Online public health degree draws student skepticism

After the School of Public Health and Health Services unveiled a fully online graduate program in late October, Jessica Bress and Sophia Tripoli became suspicious.

The public health master’s students feared the program – propped up by a likely multimillion-dollar investment by an education technology company – would “water down” their degrees by growing the school’s enrollment by up to 70 percent.

So they posted nearly 1,000 flyers in Ross Hall and in 2175 K St. warning of the program, called MPH@GW, that they believed would have more relaxed admissions standards. They are also leading a group that will petition the school this month to formally differentiate the online program from the face-to-face program on students’ diplomas.

“We don’t want to shut it down. We just want to increase [the] transparency of the process and get more students involved,” Tripoli, who is in the school’s health policy track, said. “We want the official documents to denote that coursework was done online.”

Other students jumped on board after Bress and Tripoli championed their concerns by creating a Facebook group that has so far drawn 80 likes.

School officials say the accredited program will adhere to strict academic and admissions standards and added that it was born out of a faculty-led strategic planning process. Dean Lynn Goldman hosted town halls over the past few months outlining how the program would help the school grow and remain rigorous as it moves into its $75 million building in 2014.

The program is funded partially by 2U, an education startup led by alumnus Chip Paucek. The company has raised about $100 million in venture capital in the last few years, teaming up with elite schools like Georgetown University and the University of North Carolina to launch online programs in a bevy of fields.

The company helps produce sleek, interactive videos that combine live online class meetings led by regular professors with taped lectures and audio-including PowerPoints.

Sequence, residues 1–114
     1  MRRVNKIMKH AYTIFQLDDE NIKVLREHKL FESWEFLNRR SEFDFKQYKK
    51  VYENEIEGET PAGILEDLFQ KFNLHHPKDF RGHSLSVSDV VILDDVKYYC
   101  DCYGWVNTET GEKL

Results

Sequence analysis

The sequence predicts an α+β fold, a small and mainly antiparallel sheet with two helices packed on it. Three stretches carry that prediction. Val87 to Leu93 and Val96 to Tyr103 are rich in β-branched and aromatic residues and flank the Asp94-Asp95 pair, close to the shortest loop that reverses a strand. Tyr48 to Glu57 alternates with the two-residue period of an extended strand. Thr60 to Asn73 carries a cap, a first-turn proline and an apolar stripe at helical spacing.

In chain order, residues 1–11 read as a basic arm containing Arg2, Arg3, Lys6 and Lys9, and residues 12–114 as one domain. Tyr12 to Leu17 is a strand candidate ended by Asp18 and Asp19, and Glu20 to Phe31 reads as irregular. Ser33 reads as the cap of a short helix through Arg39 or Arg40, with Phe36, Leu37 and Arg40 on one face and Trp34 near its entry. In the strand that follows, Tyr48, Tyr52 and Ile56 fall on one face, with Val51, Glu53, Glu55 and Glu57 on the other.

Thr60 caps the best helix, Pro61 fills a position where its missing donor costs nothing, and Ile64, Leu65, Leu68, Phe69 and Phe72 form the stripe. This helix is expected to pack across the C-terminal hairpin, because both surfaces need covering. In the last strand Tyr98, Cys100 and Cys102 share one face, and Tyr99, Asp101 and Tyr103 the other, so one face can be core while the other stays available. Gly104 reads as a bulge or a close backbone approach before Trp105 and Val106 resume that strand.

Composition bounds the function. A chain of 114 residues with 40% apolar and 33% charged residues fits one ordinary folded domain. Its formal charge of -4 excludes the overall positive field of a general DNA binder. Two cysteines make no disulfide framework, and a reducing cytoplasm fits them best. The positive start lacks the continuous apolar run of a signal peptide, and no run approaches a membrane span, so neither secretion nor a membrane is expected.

Program director Doug Evans, a professor of prevention and community health, declined to sit for an interview and deferred to a spokeswoman.

Stacey DiLorenzo, the school’s communications director, said in an email that the school has actively sought out student opinions in the program and has built regular faculty governance into its development. For instance, she said the school formed an advisory committee for the program’s admissions that includes two students.

The program application requires students to submit GRE scores, just like the traditional program. The first cohort will start in June and draw about 30 students, DiLorenzo said. Those students never have to come to campus, unlike GW’s hybrid online programs.

DiLorenzo did not return a request for comment confirming that the school could eventually enroll up to 700 online students. The online degree will cost students $56,150 for 45 credits – the same price as one earned face-to-face.

The schism represents some of the first student opposition to the University’s investments in online education. Many of GW’s online graduate degrees have earned high rankings over the past two years by U.S. News & World Report as the University has funneled resources and created staff positions devoted to online learning.

By building its online base, the University not only keeps pace with a rapidly changing higher education landscape, but pulls in tuition dollars to sidestep the city-imposed enrollment cap that restricts how many students can study on campus.

Bress and Tripoli argued that students were caught off guard by the program’s announcement in late October. They said the school kept it under wraps because of a non-disclosure agreement with 2U.

“The general feeling was that there was a bombshell dropped about this program,” Tripoli said.

The school also brought in a director of online learning to help bring the quality of traditional courses to the online program.

Isabela Lessa, a master’s of public health student, said students are still skeptical about education quality.

“I strongly believe that the online and on-campus programs cannot possibly be equivalent, and so I – and many others – want there to be a distinction between the two degrees on the diploma given by the University,” she said.

Paula Lantz, a member of the University’s Faculty Senate and the chair of the health policy department, said faculty approved of the school’s turn toward online learning.

“In the field of public health, we need to grow,” she said. “We are seeing huge increases with the people who need the kind of training we give our students. Going online is just smart. It’s not going to water down what our students get here. I just think it’ll strengthen it.”

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